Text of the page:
Nationally, progressive communities are focusing on the possibilities of redevelopment utilizing federal tax programs. Mid-Century Modern assets, historic resources built as recently as 1964, can now take advantage of the available incentives for revitalization through historic preservation. This was a period of expansive growth for our City. To disregard the potential of these assets rather than planning for their intelligent use and revitalization is an enormous missed opportunity. The proposed ordinance change would disregard the potential of a vast array of historic assets throughout the City, discounting their intrinsic value as reflected in the term “eligibility.”
The Atlanta Preservation Center urges Council members to reach out to the State’s Department of Natural Resources Historic Preservation Division’s Program Manager Stephanie Cherry-Farmer for the technical expertise necessary to ensure proper legislation which would encourage both redevelopment and new development. Neither the APC nor the State office has been involved in the current proposed changes.
The Atlanta Preservation Center respectfully asks that this legislation be opposed.
F.H. Boyd Coons
Atlanta Preservation Center
Stephanie Cherry-Farmer, SHPO: Stephanie.email@example.com
Leslie Cannan: firstname.lastname@example.org
Christian Olteanu: email@example.com
Author Lori Eriksen Rush brings “House Proud: A Social History of Atlanta Interiors” to APC on September 18
September 3, 2014
Please join us at the Lemuel Pratt Grant Mansion at 6:30 pm on Thursday, September 18, when author Lori Eriksen Rush offers a glimpse into the homes of Atlanta’s Victorian Age in her new book: House Proud: A Social History of Atlanta Interiors, 1880-1919. Though told within the context of the Victorian era, this story of the Atlanta home has a message that transcends its historical period. It suggests timeless truths about the concept of home that may help us to understand ourselves and the lives we live today.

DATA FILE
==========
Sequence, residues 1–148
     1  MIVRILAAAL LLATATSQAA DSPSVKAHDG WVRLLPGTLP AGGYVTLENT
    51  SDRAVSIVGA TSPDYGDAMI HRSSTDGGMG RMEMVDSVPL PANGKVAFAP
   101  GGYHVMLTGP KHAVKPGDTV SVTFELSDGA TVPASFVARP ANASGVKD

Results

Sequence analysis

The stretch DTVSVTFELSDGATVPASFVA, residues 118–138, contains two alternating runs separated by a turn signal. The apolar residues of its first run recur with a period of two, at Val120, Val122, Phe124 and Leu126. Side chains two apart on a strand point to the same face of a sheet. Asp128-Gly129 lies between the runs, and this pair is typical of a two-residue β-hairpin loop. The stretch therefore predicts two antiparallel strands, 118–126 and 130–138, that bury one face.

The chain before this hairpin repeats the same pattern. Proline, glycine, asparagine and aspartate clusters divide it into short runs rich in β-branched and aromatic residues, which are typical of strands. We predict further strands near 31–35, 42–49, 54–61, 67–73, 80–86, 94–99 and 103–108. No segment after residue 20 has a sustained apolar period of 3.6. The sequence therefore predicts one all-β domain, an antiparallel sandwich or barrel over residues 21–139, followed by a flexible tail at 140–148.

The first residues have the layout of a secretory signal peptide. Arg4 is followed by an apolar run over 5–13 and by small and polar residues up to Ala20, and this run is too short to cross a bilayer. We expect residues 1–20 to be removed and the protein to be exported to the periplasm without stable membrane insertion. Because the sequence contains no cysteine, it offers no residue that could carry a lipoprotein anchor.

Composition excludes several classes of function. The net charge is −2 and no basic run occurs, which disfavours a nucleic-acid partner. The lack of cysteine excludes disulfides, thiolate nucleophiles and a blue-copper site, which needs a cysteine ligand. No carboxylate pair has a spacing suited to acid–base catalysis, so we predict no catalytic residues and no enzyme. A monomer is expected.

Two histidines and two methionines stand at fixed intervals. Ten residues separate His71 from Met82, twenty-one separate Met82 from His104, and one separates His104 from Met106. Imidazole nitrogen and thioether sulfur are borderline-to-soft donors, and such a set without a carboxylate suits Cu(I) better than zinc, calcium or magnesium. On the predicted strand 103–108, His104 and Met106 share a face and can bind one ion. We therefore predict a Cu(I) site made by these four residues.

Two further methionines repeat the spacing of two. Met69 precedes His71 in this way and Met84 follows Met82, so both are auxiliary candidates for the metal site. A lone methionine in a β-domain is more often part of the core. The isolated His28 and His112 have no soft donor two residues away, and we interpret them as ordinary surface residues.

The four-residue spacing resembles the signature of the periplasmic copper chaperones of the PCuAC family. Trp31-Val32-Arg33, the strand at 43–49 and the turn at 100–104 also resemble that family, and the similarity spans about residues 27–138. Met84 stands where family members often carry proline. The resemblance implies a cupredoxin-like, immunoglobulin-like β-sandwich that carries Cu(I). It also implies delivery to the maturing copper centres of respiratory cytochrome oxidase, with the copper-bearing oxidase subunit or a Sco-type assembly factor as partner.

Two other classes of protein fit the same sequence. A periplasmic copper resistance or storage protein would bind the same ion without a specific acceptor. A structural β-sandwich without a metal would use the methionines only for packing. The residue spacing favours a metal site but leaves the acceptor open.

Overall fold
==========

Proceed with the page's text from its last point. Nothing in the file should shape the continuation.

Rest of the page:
The Grant Mansion is located at 327 St. Paul Avenue SE, Atlanta GA 30312. On street parking is available on St. Paul Avenue and Grant Street. ADA parking and access can be reached via APC’s Orleans Street drive.
Reservations are not required for this event.
August 25, 2014
UPDATE 8/27/2014: The Atlanta Housing Authority has halted demolition of the Trio Laundry, indicating that it will reach out to the preservation community for options. Thank you to everyone who called and emailed — it worked. However, it’s not over yet. We are going to look at the root causes of this issue, so please stay tuned and help us follow through. Click here for more information.
For continuing updates please visit the Save the Historic Trio Building Facebook page- https://www.facebook.com/triolaundry
The Trio Laundry Dry Cleaning Building at 20 Hilliard Street, built in 1910 and having survived the Great Fire of 1917, is a contributing structure in both the local MLK Jr Landmark District and the National Register’s MLK Jr Historic District. This area has been on the APC’s Most Endangered Historic Places List since 2005.
The property was purchased in 2009 by the Atlanta Housing Authority (AHA) with no plans for redevelopment beyond remediation of soil and water contamination. By 2011 part of the building’s roof collapsed. Because the roof was not repaired or the structure stabilized, the building has continued to deteriorate to the point that the City of Atlanta condemned it in December 2012 due to “immediate hazardous conditions to neighboring properties and the general public.” In June 2014 AHA applied for a demolition permit and, without any public notification or community engagement, the City issued a demolition permit in August 2014.